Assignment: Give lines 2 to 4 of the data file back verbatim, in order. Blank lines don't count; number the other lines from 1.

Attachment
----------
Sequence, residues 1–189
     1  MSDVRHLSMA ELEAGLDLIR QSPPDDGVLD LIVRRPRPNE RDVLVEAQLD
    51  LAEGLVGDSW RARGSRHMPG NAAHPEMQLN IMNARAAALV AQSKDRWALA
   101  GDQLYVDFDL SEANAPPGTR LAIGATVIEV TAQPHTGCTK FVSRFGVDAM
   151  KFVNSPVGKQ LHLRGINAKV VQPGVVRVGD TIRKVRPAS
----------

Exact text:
     1  MSDVRHLSMA ELEAGLDLIR QSPPDDGVLD LIVRRPRPNE RDVLVEAQLD
    51  LAEGLVGDSW RARGSRHMPG NAAHPEMQLN IMNARAAALV AQSKDRWALA
   101  GDQLYVDFDL SEANAPPGTR LAIGATVIEV TAQPHTGCTK FVSRFGVDAM